Leather purses can be elegant and fashionable, but over time their beauty can be dulled by dirt and grime. Regular cleaning of your leather purse will not only help keep it looking new, but will also extend the life of the leather. By following a few simple steps, your leather purse will look great and last a long time.
Cleaning a Lightly Soiled Leather Purse
ALWAYS check the tags on your leather purse for manufacturer’s tips and suggestions with regard to cleaning. If the manufacturer’s advice contradicts anything contained in this article, ALWAYS follow the manufacturer’s recommendations.
What You Will Need:
- Soft cleaning cloth
- Mild liquid facial or body soap (such as Dove or Neutrogena)
- Distilled water*
- Bowl or small bucket
- Warm water
- Sponge or soft rag
- Dry towel
*It is best to use distilled water because tap water may contain chlorine and other contaminants which can damage the surface of the leather.
The Cleaning Process:
- Empty all contents from your purse.
- Open your purse wide, unzipping all interior pockets and turn it upside down, shaking vigorously to dislodge all loose dirt and debris.
- Wipe out the interior of the purse with a soft cleaning cloth (dry).
- Mix a few drops of liquid soap with about two cups of distilled water, mixing until suds form.
- Dip your sponge or soft rag into the soapy water and wring out thoroughly, so that it is barely wet.
- Wipe the leather surface of the purse with the damp rag.
- Dry thoroughly with the towel, buffing as you go to restore luster.
- Buff the surface with the forth clean rag to restore luster.
- Treat surface with leather protector/conditioner as per product instructions.
Removing Stains from a Leather Purse
Remember to ALWAYS test a small, inconspicuous area of the purse first before using any of these methods.
Ink stains: Dip a cotton swab in rubbing (isopropyl) alcohol and rub it over a hidden area of the purse, such as an inner seam, to make sure it does not remove the dye on the leather. If safe, rub the cotton swab over the ink stain. When the ink is gone, dry with a blow dryer set on its lowest setting. If the test revealed that it is not safe to use the alcohol, you will need to buy a leather ink stain remover.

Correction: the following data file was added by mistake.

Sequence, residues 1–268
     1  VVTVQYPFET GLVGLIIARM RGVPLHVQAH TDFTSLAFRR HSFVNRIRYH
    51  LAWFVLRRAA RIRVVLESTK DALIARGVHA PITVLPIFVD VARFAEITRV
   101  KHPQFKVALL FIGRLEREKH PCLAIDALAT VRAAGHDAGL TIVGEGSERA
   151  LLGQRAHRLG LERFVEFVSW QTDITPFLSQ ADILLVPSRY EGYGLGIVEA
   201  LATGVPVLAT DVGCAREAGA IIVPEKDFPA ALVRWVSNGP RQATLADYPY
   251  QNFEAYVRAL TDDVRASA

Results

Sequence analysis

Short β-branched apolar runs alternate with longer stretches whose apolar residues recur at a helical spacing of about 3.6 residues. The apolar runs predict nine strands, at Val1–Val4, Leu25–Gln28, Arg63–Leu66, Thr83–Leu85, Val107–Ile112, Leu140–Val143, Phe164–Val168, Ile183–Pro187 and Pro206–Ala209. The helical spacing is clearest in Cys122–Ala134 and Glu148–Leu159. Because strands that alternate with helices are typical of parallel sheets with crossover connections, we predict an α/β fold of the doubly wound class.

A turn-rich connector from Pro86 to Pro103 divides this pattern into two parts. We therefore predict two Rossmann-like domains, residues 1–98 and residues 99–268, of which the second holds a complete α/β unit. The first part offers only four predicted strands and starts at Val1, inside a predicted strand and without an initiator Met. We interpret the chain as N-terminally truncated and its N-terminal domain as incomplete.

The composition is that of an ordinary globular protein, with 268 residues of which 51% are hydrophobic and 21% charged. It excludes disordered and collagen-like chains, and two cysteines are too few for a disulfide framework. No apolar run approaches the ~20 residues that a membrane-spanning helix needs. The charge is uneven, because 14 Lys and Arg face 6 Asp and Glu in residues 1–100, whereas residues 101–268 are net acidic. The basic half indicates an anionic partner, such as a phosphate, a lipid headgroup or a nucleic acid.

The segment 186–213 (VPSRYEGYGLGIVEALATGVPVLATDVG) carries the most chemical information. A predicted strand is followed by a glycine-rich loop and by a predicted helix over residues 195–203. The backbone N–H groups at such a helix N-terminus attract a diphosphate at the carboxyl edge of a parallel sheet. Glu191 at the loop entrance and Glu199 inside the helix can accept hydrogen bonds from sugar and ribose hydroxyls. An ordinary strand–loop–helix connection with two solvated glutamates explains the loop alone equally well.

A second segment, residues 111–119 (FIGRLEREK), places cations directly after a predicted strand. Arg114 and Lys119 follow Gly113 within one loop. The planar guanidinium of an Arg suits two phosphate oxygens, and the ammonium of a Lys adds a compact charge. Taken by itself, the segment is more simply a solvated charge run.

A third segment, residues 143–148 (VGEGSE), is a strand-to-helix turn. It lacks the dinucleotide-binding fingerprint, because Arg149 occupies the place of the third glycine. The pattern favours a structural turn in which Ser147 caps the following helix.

Dark stains: (i.e. food, blood, etc.): Make a paste of one part cream of tartar to one part lemon juice. Rub paste on the stain and leave it on for 10 minutes. Remove the paste with a damp rag and moisturizing soap, as described above for general cleaning. Buff the leather dry with a soft cloth or towel.
Grease stains: Simply wipe stain from the leather using a dry cloth. Do not apply water to the grease stain.
Additional Tips and Advice
- Avoid placing your leather purse in direct sunlight as this will dry the leather and cause it to fade and/or crack.
- If you are using a sponge to clean your leather purse, opt for natural (non-colored) sponges. (the dye may rub off of colored sponges).
- Do not expose your leather purse to excess moisture or water as this may damage the leather.
- Avoid using any type of harsh cleaners or abrasive cleansers your leather purse as these will cause damage to the surface.
- NEVER use any kind of oils (such as mink oil), polish, or any product containing waxes or silicone (including many car care products) on your leather purse as it may damage the leather and leave it feeling sticky.
- Generally, it is not good to use saddle soap, alcohol, varnish, or ammonia-based cleaners (i.e. Windex) or bleach on leather as they may be too harsh, causing serious damage or discoloration.
- Leather does occasionally need to be replenished and reconditioned. Although there are products on the market for this, you might try mixing 1 part distilled white vinegar with 2 parts linseed oil. Shake well and apply to leather in circular motion. Let sit for about 10 minutes, then buff with a soft cloth. A second buffing may be necessary.